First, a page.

If you want to do the original Inca Trail to Machu Picchu, you need a proper hiking permit issued from the government, which needs to be booked 4-6 months in advance. I only booked my plane ticket in January and was SOL. Rather I researched alternative routes and stumbled upon the Salkantay trail. It turned out that this trail was voted by National Geographic as one of the Top 25 treks to do, less crowded and touristy and has a multitude of geography and climates, ie. snow-capped mountains, hot-springs and cloud forests. And it’s cheaper. My group was nice and small: 2 local guides who were awesome, Jorge & Walter, 2 cooks and porter/ horseman. And fellow travelers Katrin (Germany), Mitch & Maria (‘Merica) and Paul & Kevin (UK). Other tour groups we saw on the trail sometimes had 8-12 people in their group. The first two days were pretty cold, requiring us to sleep in llama-wool hats, long-johns, fleece/jackets and padded sleeping bags. Everyday we started bright and early, around 6-7am and hiked 15 – 20 km. However, the food was always delicious and everyone had a positive attitude. There were so many different activities we did such as visiting hot-springs, zip-lining and taking in gorgeous views, it’s hard to pick out a favorite.
On the last day, we woke up around 4am so we could get in line to hike up to Machu Piccu. Surprisingly, there was a descent amount of people waiting to get in. After about an hour and half hike up, we finally got the official entrance gate (there were buses passing us as we made the ascent). Jorge gave us a guided tour as we entered, explaining the history as well as Q & A. Because it was so early in the morning, there was a foggy mist to the entire grounds which made the whole thing seem magical and surreal. It wasn’t too packed with tourists either (later on it would be).
The 5-days spent trekking and camping out in the wilderness gave me so many memories. I got to witness so many amazing & peaceful landscapes. My appreciation for Pacha Mama (Mother Earth) grew 10-fold. Just being outdoors in fresh, clean air was good for my soul. Although hiking 15 km can sound like a lot, it was actually one of the things I enjoyed the most. You don’t have to think about anything else, except appreciate where you are and be in the present moment. I think this trek was probably the highlight of my trip to Peru. Even if I didn’t get to see Machu Piccu, I still would have enjoyed the trip.
The tour-company I went with and would highly recommend is Quechuas Expeditions (Jorge & Walter were my guides). They were very well organized, seemed to be locally owned and had very competitive pricing. I think I paid around $450 – $500 which included trekking poles, sleeping bag rental, entrance tickets to Machu Piccu, porters, return train back to Cuzco and hotel-accommodation in Aguas Calientes. You still have to tip the guides, cooks, porters. Also if you decide on zip-lining and hot-springs, those are extra, but they won’t break the bank. Yes there are cheaper outfits that you can get away with, such as $300 – $350, but you get what you pay for. Quechuas Expeditions was top quality. Check out their Trip-Advisor reviews as well.
Quechuas Expeditions contact info:
Pisaq – 1st & 2nd San Pedro Ceremonies
San Pedro, also known as Huachuma (Grandfather Medicine) is another plant teacher used in Peru. It’s a slimy green liquid that’s drank and made from a cactus. I didn’t know much about it before my trip to Peru (nor was I planning on working with it), but when the ayahuasca retreat in the Amazon was ending, our facilitators were discussing post-retreat integration guidelines. Things such as no pork, sex or alcohol were recommended for 2 weeks after. But what about other plant medicines such as San Pedro I asked? I was pleasantly surprised by the response, which was something along the lines of if you’ve done work with ayahuasca, you should definitely wok with San Pedro…the two complement each other and it’s the icing on the cake. One of my facilitators gave us the website http://sacredvalleytribe.com/san-pedro-ceremony/ to find someone trust-worthy to lead us in ceremony while in the Sacred Valley. My decision was made – I’m going to be working with Huachuma.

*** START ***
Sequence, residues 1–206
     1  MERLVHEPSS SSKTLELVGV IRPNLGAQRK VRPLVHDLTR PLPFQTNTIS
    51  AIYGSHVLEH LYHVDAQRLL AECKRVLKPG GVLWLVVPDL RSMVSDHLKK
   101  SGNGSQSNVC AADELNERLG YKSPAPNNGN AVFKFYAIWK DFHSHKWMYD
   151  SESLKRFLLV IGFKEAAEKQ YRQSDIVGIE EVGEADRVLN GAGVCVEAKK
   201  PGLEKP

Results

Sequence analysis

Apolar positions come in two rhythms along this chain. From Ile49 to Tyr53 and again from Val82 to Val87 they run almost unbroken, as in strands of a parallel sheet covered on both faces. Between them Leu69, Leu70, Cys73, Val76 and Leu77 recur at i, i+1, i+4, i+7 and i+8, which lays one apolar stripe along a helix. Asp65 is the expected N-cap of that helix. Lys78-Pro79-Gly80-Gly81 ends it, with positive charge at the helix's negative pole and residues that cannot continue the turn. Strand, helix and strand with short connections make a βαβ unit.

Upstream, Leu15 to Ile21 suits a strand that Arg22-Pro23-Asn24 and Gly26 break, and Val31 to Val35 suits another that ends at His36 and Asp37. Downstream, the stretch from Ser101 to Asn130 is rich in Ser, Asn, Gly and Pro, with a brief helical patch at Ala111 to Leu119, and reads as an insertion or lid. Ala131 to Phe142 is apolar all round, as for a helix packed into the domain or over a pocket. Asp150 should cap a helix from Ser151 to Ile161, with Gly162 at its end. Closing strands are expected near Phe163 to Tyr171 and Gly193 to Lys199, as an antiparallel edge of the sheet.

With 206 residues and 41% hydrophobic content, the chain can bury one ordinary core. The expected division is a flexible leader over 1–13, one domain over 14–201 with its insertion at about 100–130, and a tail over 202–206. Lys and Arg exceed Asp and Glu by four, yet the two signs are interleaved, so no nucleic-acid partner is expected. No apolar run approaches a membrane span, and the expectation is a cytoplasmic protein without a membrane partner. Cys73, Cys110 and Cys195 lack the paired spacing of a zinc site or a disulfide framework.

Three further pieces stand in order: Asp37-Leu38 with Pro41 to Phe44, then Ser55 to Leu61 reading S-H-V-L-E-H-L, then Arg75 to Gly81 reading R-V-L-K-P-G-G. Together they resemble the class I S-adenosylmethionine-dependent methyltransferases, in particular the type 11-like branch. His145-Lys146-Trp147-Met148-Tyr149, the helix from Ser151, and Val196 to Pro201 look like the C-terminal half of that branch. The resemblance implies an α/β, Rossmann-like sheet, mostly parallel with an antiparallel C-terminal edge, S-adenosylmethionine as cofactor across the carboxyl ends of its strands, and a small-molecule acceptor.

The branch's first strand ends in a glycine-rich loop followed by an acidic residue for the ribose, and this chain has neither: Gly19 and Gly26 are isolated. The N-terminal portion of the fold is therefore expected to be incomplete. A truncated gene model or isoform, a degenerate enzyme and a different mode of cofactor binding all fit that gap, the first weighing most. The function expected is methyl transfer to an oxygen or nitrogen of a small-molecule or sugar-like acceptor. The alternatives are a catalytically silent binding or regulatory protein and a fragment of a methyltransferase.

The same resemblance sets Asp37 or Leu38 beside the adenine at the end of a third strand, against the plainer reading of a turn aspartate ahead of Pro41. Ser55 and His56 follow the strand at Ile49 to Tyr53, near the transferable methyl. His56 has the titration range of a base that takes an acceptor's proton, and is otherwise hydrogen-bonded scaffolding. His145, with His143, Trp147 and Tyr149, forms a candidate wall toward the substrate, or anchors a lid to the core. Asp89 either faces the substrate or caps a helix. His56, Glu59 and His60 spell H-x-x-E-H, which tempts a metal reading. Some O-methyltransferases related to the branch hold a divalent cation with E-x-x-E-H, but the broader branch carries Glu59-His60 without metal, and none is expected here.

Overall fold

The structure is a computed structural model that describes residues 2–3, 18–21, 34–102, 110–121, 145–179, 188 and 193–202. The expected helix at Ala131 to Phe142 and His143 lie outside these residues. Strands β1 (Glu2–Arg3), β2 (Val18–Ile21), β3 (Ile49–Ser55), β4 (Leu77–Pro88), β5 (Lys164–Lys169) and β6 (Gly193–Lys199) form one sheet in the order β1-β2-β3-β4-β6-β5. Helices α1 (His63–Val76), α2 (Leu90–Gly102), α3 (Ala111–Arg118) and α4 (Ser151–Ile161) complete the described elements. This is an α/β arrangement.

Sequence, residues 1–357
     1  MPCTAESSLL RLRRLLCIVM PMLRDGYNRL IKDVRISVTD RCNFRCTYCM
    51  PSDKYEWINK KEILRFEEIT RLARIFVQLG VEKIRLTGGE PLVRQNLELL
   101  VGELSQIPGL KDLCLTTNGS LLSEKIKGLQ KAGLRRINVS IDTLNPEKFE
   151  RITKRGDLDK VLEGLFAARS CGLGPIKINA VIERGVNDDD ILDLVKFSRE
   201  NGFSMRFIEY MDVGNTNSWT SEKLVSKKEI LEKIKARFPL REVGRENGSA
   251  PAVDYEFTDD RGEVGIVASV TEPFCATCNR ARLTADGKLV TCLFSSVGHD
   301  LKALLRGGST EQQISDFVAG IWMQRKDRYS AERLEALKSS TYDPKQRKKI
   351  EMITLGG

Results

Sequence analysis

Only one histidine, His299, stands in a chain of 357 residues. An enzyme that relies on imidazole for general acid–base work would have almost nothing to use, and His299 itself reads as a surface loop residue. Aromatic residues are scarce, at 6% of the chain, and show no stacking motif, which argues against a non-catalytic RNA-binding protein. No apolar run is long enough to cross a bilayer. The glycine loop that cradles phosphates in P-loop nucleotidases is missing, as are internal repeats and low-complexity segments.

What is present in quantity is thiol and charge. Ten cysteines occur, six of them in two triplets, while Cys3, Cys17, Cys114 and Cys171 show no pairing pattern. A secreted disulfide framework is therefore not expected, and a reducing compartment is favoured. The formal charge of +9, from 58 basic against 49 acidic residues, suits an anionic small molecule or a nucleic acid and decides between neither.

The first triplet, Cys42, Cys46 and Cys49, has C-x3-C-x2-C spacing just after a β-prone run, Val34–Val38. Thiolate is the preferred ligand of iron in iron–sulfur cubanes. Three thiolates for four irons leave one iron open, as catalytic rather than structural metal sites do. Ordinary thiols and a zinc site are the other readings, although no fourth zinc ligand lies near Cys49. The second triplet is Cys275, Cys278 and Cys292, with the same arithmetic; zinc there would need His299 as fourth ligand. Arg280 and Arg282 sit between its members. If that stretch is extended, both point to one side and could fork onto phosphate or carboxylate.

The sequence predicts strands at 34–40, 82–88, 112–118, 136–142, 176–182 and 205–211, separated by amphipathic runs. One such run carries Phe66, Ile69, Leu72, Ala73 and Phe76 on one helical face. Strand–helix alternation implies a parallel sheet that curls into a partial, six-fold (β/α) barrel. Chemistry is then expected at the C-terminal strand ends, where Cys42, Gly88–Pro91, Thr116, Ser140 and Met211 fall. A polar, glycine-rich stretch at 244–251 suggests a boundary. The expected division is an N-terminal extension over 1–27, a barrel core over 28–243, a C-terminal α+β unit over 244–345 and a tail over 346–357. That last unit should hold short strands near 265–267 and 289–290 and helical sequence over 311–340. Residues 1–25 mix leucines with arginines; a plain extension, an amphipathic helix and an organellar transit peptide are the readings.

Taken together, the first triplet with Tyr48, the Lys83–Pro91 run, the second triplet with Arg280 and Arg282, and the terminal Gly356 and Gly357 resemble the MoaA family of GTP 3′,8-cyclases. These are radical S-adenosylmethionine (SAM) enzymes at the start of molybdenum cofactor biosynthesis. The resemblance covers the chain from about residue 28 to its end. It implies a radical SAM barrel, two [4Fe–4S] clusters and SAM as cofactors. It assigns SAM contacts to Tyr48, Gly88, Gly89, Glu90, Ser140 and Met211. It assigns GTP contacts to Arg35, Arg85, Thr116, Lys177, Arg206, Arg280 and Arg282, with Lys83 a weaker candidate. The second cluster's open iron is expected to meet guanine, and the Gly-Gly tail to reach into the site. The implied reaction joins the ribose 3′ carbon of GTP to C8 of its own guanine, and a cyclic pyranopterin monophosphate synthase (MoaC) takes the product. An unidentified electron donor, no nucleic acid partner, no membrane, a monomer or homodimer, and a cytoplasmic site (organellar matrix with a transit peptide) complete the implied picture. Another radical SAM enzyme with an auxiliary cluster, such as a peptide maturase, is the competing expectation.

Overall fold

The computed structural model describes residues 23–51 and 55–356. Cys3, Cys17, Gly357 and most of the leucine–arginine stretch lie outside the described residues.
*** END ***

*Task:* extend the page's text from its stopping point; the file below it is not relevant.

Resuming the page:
BTW, if you are in the Amazon and looking for places to drink San Pedro, then check out Aubrey Marcus’s site for recommendations. I’m also a huge fan and idolize him. For some background history on this plant teacher.
The day after arriving in Cuzco, my spiritual soul-brother Gelo (from the ayahuasca retreat) and I jump in a cab around 6:30 am to take us near the towns of Urubamba/ Pisaq. We arrive to a lovely South African couple’s house, Bernhard & Liza-Marie, situated in a remote area amongst mountains, a creek and beautiful garden. This is where I’ll partake in my first San Pedro ceremony. Again, I’ll write more about this experience in a detailed post. If you want get in touch with them for ceremony, here is their website: http://ubuntuayni.com/
Shortly after I embark on my trip to Machu Piccu. Upon returning to Cuzco, I decide to work with San Pedro again. At Bernhard’s recommendation, I reach out to Paul. He graciously accepts me and this is held in another beautiful, safe atmosphere, at his home in Pisaq. He can be contacted via:
email@example.com / T. (+51) 984-239499
The next morning as we are discussing and sharing our experience, Paul mentions how he takes some of his long-term visitors on a hike that goes up to 3 lakes (Kinsa Kocha) and drinks San Pedro up there. I inquire as I was having hiking-withdrawal after completing the Salkantay trek and wanted to do some more before leaving Peru, even if it meant going alone. He gets on his cell phone and talks to his friend Miguel – we arrange to go for the guided-hike the day after. Paul said that sometimes sometimes Miguel brings San Pedro with him. Although this wasn’t my original intention, I wasn’t going to pass up this opportunity.
3rd Ceremony at Tres Lagos Kinsa Kocha